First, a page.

Society for Cardiovascular Angiography and Interventions

Society for Cardiovascular Angiography and Interventions

Issue: July 2013
Perspective from Barry M. Cohen, MD
May 13, 2013
2 min read
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Renal denervation predicted to reduce CV events across age groups

Issue: July 2013
Perspective from Barry M. Cohen, MD
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A model-based calculation indicates that catheter-based renal denervation can be expected to provide meaningful reductions in CV events in patients with resistant hypertension across age groups and pre-treatment BP levels, according to data presented at the Society for Cardiovascular Angiography and Interventions Scientific Sessions.

“Pretty much across the board there are clinically meaningful reductions that we project both in terms of absolute and relative reductions of clinical events in all three age groups [studied],” study researcher Jan B. Pietzsch, PhD, CEO of Wing Tech Inc. and a consulting associate professor at Stanford University, said in a press release.

Pietzsch and researchers of the analysis used a recently published lifetime Markov simulation model based on Framingham and other multivariate risk equations coupled with mortality data to calculate CV events during 10 years in hypothetical resistant hypertensive subgroups. The subgroups were aged 40, 55 and 70 years, had pretreatment systolic BPs of 165 mm Hg and 190 mm Hg, and treated with renal denervation or not.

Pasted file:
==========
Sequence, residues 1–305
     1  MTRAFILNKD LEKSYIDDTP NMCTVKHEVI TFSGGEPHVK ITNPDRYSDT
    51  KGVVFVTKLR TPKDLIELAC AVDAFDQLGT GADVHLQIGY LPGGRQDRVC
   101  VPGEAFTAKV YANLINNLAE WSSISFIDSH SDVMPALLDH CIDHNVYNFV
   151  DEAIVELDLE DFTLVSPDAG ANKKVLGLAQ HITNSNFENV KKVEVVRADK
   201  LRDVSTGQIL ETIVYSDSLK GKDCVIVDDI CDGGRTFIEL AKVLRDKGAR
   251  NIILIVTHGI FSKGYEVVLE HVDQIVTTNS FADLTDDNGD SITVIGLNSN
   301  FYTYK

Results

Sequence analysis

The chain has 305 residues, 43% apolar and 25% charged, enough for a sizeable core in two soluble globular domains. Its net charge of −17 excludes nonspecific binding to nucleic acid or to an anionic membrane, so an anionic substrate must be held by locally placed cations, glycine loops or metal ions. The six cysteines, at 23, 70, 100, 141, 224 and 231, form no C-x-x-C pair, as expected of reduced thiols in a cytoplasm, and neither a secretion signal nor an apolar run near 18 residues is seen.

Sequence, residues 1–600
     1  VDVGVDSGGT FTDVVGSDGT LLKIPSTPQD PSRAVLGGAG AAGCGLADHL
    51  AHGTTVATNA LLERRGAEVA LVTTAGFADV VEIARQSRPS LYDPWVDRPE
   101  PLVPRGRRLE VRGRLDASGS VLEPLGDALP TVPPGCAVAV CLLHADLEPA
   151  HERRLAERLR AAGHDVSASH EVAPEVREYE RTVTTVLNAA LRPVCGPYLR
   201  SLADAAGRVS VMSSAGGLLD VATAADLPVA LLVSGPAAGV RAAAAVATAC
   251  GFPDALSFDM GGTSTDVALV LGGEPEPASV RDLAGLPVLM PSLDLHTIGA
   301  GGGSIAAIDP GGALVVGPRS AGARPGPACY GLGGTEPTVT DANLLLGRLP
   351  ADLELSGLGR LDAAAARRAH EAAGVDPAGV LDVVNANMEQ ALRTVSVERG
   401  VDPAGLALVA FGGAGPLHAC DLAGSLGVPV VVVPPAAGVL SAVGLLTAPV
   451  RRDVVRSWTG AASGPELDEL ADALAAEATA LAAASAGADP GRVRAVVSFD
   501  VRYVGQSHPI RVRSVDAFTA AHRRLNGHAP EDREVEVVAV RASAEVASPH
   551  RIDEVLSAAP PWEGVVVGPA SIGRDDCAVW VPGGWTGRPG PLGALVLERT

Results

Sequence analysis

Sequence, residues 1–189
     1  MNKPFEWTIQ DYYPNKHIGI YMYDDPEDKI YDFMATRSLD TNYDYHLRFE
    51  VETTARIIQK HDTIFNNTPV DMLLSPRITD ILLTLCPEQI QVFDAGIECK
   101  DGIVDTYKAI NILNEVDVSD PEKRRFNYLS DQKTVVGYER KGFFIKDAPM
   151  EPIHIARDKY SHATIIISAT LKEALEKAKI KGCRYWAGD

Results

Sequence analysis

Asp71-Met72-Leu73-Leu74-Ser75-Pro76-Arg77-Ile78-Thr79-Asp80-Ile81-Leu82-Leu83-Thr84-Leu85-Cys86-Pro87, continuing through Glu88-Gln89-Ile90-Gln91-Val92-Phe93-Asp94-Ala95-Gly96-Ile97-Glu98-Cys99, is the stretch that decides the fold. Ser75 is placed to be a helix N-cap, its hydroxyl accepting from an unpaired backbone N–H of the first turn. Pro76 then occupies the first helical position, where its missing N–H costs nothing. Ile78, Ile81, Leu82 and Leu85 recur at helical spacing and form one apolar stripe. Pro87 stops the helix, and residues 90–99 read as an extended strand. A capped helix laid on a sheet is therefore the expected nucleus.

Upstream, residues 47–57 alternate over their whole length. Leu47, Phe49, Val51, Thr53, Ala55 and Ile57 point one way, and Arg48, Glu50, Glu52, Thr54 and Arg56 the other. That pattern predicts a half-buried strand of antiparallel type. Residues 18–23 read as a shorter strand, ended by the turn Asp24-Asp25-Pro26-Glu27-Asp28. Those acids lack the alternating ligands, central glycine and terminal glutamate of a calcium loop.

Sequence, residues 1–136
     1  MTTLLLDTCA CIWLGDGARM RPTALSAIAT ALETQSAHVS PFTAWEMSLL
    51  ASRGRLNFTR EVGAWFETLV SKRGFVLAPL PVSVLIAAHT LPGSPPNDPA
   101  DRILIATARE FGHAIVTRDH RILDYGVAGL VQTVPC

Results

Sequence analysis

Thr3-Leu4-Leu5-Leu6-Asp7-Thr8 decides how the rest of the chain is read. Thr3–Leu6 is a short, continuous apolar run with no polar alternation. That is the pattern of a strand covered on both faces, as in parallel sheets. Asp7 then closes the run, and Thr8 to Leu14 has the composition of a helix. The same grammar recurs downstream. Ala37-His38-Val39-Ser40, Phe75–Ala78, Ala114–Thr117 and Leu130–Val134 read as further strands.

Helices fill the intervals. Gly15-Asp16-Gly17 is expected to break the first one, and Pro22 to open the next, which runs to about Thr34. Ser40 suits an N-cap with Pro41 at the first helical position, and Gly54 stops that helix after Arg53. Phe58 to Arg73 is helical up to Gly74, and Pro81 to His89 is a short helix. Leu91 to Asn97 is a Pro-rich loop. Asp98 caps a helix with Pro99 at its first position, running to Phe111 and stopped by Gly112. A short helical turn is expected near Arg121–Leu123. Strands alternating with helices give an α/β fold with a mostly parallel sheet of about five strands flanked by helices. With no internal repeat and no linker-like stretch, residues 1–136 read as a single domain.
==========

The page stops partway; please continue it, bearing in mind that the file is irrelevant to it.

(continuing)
Jan B. Pietzsch

Pietzsch and colleagues based cohort characteristics and clinical input parameters on the Symplicity HTN-2 randomized controlled trial and on input data from the National Health and Nutrition Examination Survey. They computed absolute event and RR reductions for each of the six modeled cohorts.

Estimates showed that renal denervation was expected to reduce pretreatment systolic BP from 165 mm Hg to 135 mm Hg and from 190 mm Hg to 150 mm Hg at 10 years.

Additional benefits of the therapy included 10-year RR reductions in the following: MI (–26.1% at age 70/165 mm Hg to –41.8% at age 40/190 mm Hg); stroke (–25.7% at age 70/190 mm Hg to –38.8% at age 40/165 mm Hg); HF (–19.7% at age 70/165 mm Hg to –26.4% at age 55/190 mm Hg); and end-stage renal disease (–28.3% at age 70/165 mm Hg to –35.0% at age 40/190 mm Hg).

For all clinical events, 10-year absolute reduction increased with age, whereas RRs followed an opposite trend, with RR reductions highest in those aged 40 years and lowest in those aged 70 years.

For more information:

Pietzsch JB. Poster B-026. Presented at: the Society for Cardiovascular Angiography and Interventions Scientific Sessions; May 8-11, 2013; Orlando, Fla.

Disclosure: Pietzsch reports a financial relationship with Medtronic.